- The Washington Times - Thursday, October 12, 2000

Arab leaders have snubbed President Clinton and told him to stay home while they invited America's nemesis, Saddam Hussein, to Cairo to sit with them for the first time since the Gulf war.

Mr. Clinton yesterday downplayed the refusal by Egypt to host him and leaders of Israel and the Palestinians in an attempt to end two weeks of violence.

Mr. Clinton sought the summit, but Egypt said it might conflict with the meeting of Arab leaders slated for Oct. 20 and 21.

"I wouldn't overread the fact that there won't be a big meeting imminently in Egypt," said Mr. Clinton, adding that both Israel and the Palestinians remained committed to the peace process.

However, analysts said that inviting Iraq, which has called for attacks on Israel and continues to violate U.N. sanctions and resolutions, could tilt the Arab leaders meeting in support of the Palestinians' new intifada, in which more than 90 have been killed since Sept. 28.

U.N. Secretary-General Kofi Annan met unexpectedly with the Israeli and Palestinian leaders yesterday, but a truce remained elusive amid new outbreaks of violence.

The fiercest battle erupted near the village of Kufr Kalil, just south of the West Bank town of Nablus, as dozens of buses and cars carrying mourners to the funeral of American-born Jewish settler Hillel Lieberman passed by.

As four helicopter gunships hovered above, Israeli troops fired tank machine guns toward the village where gunmen wove in and out of narrow alleys.

The Cairo Arab summit later this month will include Iraq, Libya, Yemen and other Arab nations that have called for attacks

The meeting, originally scheduled for January, was moved up to this month in response to the fighting in the West Bank and Gaza Strip.

But many fear the meeting could harden Palestinian resolve and make compromise with Israel more difficult.

"It's hard to see how this is a helpful step it could stiffen [Palestinian leader Yasser] Arafat," said David Makovsky, senior analyst at the Washington Institute for Near East Policy.

And the leading pro-American nations such as Egypt, Jordan and Saudi Arabia "will not risk their relationship with the United States for Arafat," said another analyst. "They don't trust Arafat."

Due to the mounting death toll, Arab leaders have "been feeling the heat" from their own people and will likely criticize Israel and support the Palestinians, he said.

But unless there is an escalation of violence before then, the Arab summit will show strong support for the peace process between Israel and the Palestinians, said the analyst, speaking on the condition of anonymity.

A Palestinian spokesman in Washington said yesterday Mr. Clinton would be welcome in the West Bank and Gaza but that certain conditions need to be met first.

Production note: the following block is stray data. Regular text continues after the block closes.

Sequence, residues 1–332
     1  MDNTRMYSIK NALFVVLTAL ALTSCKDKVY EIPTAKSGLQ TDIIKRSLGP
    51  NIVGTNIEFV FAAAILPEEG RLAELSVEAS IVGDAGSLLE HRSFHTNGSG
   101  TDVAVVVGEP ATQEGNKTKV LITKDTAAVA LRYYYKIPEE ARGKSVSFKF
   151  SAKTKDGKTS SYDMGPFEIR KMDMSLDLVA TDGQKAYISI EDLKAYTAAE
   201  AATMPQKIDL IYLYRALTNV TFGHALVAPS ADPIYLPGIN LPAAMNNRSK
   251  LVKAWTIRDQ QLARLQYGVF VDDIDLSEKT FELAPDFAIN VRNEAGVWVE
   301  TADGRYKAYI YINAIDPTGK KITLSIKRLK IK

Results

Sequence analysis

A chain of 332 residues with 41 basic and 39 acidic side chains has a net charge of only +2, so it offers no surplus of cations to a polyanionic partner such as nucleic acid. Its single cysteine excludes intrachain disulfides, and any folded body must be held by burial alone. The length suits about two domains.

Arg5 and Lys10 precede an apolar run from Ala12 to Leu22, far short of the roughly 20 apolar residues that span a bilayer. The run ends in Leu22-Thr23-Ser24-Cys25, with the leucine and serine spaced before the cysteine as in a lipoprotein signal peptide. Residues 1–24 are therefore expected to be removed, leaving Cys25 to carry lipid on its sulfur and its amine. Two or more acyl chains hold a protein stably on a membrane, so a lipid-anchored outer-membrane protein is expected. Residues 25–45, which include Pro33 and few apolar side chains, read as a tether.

"We would welcome President Clinton's visit to the Palestinian territories to continue his efforts towards reaching a lasting peace agreement between Palestinians and Israelis," said Said Hamad, deputy chief representative in Washington of the Palestine Liberation Organization (PLO).

"But I think the time is not really appropriate for holding a four-way [Israelis, Palestinians, Egyptians and Americans] meeting unless the Israelis pull out their troops from positions that are close to the Palestinian territory and lift the siege on Palestinian cities of the West Bank and Gaza and withdraw their forces," said Mr. Hamad in an interview.

Mr. Hamad also raised a new demand, calling on Israeli Prime Minister Ehud Barak "to apologize for all those threatening deadlines." He was referring to ultimatums beginning last weekend in which Mr. Barak warned of harsh measures unless Mr. Arafat reined in stone-throwing mobs.

The PLO representative also repeated demands for the Israelis to "accept an international commission on what occurred on [the Temple Mount] and what had followed."

He called on Israel to "pull back to the positions they were in before the intifada started Sept. 28."

Asked if he still intended to go the Middle East, Mr. Clinton said yesterday: "I think Secretary [of State Madeleine K.] Albright or I might go."

"Maybe in time we'll both go. I had a long talk this morning with [U.N.] Secretary-General Kofi Annan, and we've been working together in an attempt to make sure we've got substantial calm there."

State Department spokesman Richard Boucher yesterday discounted the impact of Iraq's attending the Arab summit in Cairo.

"Iraq's position on the peace process is well known and, I think, heavily discounted," said Mr. Boucher at the State Department briefing yesterday.

"The fact is, the [Israelis and Palestinians] remain engaged. The parties keep working with us and we keep proceeding despite some of these voices that are trying to tear down the peace process."

The United States has appeared powerless in recent weeks to prevent the collapse of U.N. sanctions on air travel to Iraq and yesterday, as the Arab summit plans firmed up, new flights arrived from Egypt, Syria and Turkey.

Last month, Russia and France notified the United Nations and sent flights without waiting for clearance.

Now, Jordan is requesting U.N. permission for regular passenger flights, and Aeroflot, Russia's state-run airline, says it plans to resume passenger flights.

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